Exam date

When's the 2016 exam? Wednesday 8th June, am.

Saturday, 31 January 2015

BBC DG invites flak by suggesting watershed outmoded

UPDATE, FEB 2015: STEPHEN FRY SWEARS DURING BAFTAS
The BBC stoutly defended Fry, and the principle of free speech, though said it 'noted' the concerns expressed for this post-watershed swearing. For some, the watershed isn't enough!
At one point, he told his audience it was “pissing down with stars”. He also introduced Tom Cruise as “Tom f**king Cruise” as he ambled on stage to present an award.
“We received complaints from viewers unhappy with some of Stephen Fry’s language while presenting the Baftas,” a statement on the BBC’s complaints website read.
Attitudes to strong language vary enormously and we considered very carefully how to reflect this.
Stephen, whose irreverence and style is extremely well-known to viewers, has presented the Baftas for several years. Any strong language was used after the watershed, and there was a presentation announcement at the start of the programme warning viewers that the broadcast would contain language of this nature.
“We accept that some viewers disagreed with this approach, and this feedback has been noted.”
Before you ask, the Mail was a tad cross at all this, shockingly enough (whilst squeezing in a load of large celebrity pics).

Both the BBC's film ratings and the TV (and radio) watershed face a problem which can be summed up in that one familiar word: digitisation. If young kids can effortlessly access TV or films at any time with any rating, can we really maintain the pretence of control? As more of us timeshift instead of following schedules, the concept gets even weaker.

There are other arguments against a watershed: why should adults, not least those without children, be restricted in their viewing?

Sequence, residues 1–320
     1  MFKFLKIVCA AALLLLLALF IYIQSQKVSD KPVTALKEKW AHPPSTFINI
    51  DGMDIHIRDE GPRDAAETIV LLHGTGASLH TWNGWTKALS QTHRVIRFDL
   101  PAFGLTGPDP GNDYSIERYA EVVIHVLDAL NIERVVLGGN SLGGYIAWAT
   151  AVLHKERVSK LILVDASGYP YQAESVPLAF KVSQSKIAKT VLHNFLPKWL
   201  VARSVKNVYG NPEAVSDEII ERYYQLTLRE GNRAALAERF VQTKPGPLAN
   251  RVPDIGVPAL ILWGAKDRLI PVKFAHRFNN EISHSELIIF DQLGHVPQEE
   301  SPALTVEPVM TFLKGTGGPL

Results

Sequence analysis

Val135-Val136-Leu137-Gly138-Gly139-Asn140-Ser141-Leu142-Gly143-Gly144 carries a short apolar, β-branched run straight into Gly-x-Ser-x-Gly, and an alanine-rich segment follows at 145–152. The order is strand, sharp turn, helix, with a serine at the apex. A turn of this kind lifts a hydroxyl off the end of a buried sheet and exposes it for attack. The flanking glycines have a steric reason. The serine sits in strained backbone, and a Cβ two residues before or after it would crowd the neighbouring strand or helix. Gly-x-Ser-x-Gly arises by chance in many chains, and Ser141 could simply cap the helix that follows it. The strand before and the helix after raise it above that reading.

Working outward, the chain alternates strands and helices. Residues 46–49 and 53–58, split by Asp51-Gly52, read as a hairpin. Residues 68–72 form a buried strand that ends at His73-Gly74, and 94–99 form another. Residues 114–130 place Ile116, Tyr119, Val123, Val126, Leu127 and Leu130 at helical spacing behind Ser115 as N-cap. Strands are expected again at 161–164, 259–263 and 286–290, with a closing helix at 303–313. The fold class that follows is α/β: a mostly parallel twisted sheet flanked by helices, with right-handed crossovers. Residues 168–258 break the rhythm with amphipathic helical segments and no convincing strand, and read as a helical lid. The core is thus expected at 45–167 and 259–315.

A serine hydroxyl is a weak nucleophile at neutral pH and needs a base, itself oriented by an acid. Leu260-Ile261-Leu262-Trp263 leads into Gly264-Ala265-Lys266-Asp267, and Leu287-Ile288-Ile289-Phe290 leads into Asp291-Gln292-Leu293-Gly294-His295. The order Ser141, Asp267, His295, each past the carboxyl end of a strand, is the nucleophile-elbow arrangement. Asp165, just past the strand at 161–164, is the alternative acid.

The BBC have addressed and acknowledged some of these points, arguing that they provide valuable information so that those parents who choose to can make informed choices - though cinemas don't have any legal wriggle room to let parents/children decide.

Cinemas themselves will surely join any calls for deregulating film controls - they face fierce, intensifying competition from TV and mobile platforms, with TV advantaged by the ease of getting around age restrictions.

Read this article for a debate on the watershed between editors of prominent magazines, Robin Parker (Broadcast) and Boyd Hilton (Heat). Perhaps ironically, given Heat isn't exactly reknowned for classy, child-friendly material (but does attract young readers), it's Hilton who takes the pro-watershed line.

Below the line: an overview of how the Mail, Indie and others reported this story.

Friday, 30 January 2015

Sunifesto Murdoch right-wing vision made explicit

Wee bit careless to present so few ethnic minority faces?
I can't recall seeing quite so detailed, especially from a tabloid, as this before - an all-encompassing manifesto that quite neatly provides the clearest possible evidence of The Sun and thus Murdoch's (as much as he absurdly continues to deny influencing his papers' viewpoints and agenda!) ideological orientation.

The timing is smart - the political parties are yet to publish their manifestoes, and UKIP, Labour, Lib Dems and Tories (the major right-wing/centre-right parties) will all feel some pressure to adhere to some of this classic neo-liberal agenda.

Roy Greenslade has been discussing Murdoch's recent, rather surprising, use of Twitter to make public his previously 'private' (they were clear enough if you read his papers!) views and partisanship: